Eventually, you may want to learn to read both types of parts. But choose one for now, and keep in mind that if you read in bass clef, you might need to learn tenor clef for higher euphonium parts.
Use a Method Book
Now, if you or your child is learning the euphonium in a band setting, you may need to get a specific book. Bands often use method books to teach all of the instruments, so you’d need the series your band uses.
If you’re learning on your own, you can choose the book or series that you like the best or that’s most affordable. Then, use the book to teach yourself the first few notes.
Take Some Lessons
If you only follow one of my tips for how to play the euphonium, let it be this. Private lessons can be expensive and time-consuming, but many teachers are becoming more flexible.
You can take lessons every week or every other week, maybe even once a month. Then, you can get personalized guidance and feedback, but you can do it on any budget.
I grew up taking private lessons on all sorts of instruments, and they always helped me progress relatively quickly. If you can’t afford regular lessons, take at least a few as you start to help you avoid bad habits.
Another one of the best things you can do is to practice your euphonium regularly. Of course, if you take lessons, practicing between them will ensure you make the most of your time with your teacher.
If you’re mostly teaching yourself, practicing regularly is even more crucial. You don’t need to practice for hours, and you probably shouldn’t do so as a beginner.
But set aside 10 to 20 minutes a day to practice music. Go over any exercises you’re working on, and learn a new exercise or two each week.
Eventually, you’ll finish your current method book, and you can advance to something else. Then, you’ll be able to get a new book so that you can keep getting better at music.
Experiment with the Fourth Valve
Many beginner euphoniums only have three valves, but some models have four valves. You don’t need the fourth valve to start playing, but if you have it, you can play around with it.
On a euphonium the extra valve lets you play chromatically between the first and second partials. You can also get better intonation on your instrument.
Some euphoniums place the fourth valve next to the main three, while others place it on the side. In that case, you’ll use your left hand to trigger the valve. But if you don’t have the fourth valve, don’t worry; you can always upgrade later.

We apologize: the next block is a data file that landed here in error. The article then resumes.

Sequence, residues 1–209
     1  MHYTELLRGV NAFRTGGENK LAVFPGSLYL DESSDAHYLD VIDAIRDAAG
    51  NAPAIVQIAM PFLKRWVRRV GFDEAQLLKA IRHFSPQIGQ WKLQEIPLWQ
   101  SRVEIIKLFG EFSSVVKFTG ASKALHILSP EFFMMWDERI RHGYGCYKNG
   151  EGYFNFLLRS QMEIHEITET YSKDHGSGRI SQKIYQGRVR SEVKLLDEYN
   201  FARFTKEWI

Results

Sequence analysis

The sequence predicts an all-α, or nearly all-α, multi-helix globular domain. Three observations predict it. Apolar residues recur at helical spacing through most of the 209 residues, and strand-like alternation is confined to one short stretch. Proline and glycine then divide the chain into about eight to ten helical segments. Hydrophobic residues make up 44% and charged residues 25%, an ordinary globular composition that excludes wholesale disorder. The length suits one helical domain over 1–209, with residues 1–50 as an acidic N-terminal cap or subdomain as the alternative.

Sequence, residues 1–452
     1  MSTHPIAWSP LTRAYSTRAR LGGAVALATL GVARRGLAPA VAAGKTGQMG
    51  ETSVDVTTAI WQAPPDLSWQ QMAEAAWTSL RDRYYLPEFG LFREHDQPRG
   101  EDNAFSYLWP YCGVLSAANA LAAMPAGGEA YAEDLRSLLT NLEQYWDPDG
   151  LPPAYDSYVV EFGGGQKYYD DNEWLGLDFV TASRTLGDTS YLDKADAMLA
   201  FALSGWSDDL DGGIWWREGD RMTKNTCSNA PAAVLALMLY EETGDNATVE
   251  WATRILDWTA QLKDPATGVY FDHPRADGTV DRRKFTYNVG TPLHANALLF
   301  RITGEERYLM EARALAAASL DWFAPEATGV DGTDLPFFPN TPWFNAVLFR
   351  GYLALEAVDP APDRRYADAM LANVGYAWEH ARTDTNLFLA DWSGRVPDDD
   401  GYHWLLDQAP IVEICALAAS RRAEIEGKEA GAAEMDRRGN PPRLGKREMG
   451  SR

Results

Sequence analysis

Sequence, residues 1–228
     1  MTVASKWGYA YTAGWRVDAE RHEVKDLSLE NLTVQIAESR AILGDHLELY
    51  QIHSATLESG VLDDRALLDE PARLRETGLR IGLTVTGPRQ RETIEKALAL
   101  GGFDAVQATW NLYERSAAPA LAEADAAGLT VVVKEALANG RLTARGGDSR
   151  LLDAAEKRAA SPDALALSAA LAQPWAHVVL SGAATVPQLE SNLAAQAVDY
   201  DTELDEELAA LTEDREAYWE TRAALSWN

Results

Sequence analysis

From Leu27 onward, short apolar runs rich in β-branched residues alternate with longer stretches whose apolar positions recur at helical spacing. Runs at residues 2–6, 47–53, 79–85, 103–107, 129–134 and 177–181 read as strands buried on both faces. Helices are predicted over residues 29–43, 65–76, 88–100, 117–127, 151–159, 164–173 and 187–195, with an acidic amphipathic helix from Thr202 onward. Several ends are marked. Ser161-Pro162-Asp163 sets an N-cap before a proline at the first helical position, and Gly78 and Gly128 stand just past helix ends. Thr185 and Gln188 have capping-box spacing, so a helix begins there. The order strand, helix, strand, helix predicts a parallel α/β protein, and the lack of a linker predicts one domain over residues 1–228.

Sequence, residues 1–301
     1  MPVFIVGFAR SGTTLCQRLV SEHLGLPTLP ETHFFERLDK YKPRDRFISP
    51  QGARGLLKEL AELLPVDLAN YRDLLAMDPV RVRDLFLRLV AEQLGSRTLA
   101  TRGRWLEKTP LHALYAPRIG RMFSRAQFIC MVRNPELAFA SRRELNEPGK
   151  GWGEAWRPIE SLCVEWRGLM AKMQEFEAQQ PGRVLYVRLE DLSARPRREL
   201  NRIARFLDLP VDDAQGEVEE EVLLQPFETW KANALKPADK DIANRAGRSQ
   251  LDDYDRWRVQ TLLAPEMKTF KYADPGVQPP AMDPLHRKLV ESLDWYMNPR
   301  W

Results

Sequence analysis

Work with a Tuner
Speaking of intonation, you should spend some time working with a tuner. You can use a physical tuner, like a Korg, and you can even hook it up directly to your euphonium so that it doesn’t pick up background noise.
I like using an app on my phone or iPad since I always have those with me when I practice. The app I use is Tunable, and I love how it gives you a visual history of your intonation.
Use your tuner to learn when you need to play sharper or flatter than you are. You can use your air and lips to help change the pitch, but if it’s really off, you may need to adjust your slides.
Join a Wind Ensemble
You can learn to play the euphonium on your own, but you may get bored. One of the best ways to hold yourself accountable is to join a wind ensemble either through a local college or to find a community group.
In grad school, I learned that the euphonium is one of two instruments where you actually want more than one player per part (the other is the clarinet). And since euphoniums aren’t that common, there’s a good chance your local band needs more.
Unfortunately, you won’t usually be able to play the euphonium in an orchestra. But if wind ensembles aren’t your thing, you could also look into joining a brass band.
Best Euphoniums for Beginners
As I mentioned, one of the most important parts of learning the euphonium is getting a good model. But when you’re a beginner, you may not know where to start.
There are a lot of models on the market, and some aren’t ideal for new musicians. I looked for some of the best models you can try when you’re new to the euphonium.
Here are some of the best models I found.
The Yamaha YEP-201 is a fantastic beginner euphonium to try. It features three valves, which is pretty standard for students, so you don’t have to learn to use four valves.
This model mostly uses yellow brass and has an 11-inch bell, but it has a gold brass leadpipe. You’ll receive a mouthpiece and case with the instrument, so you have the basics to start playing.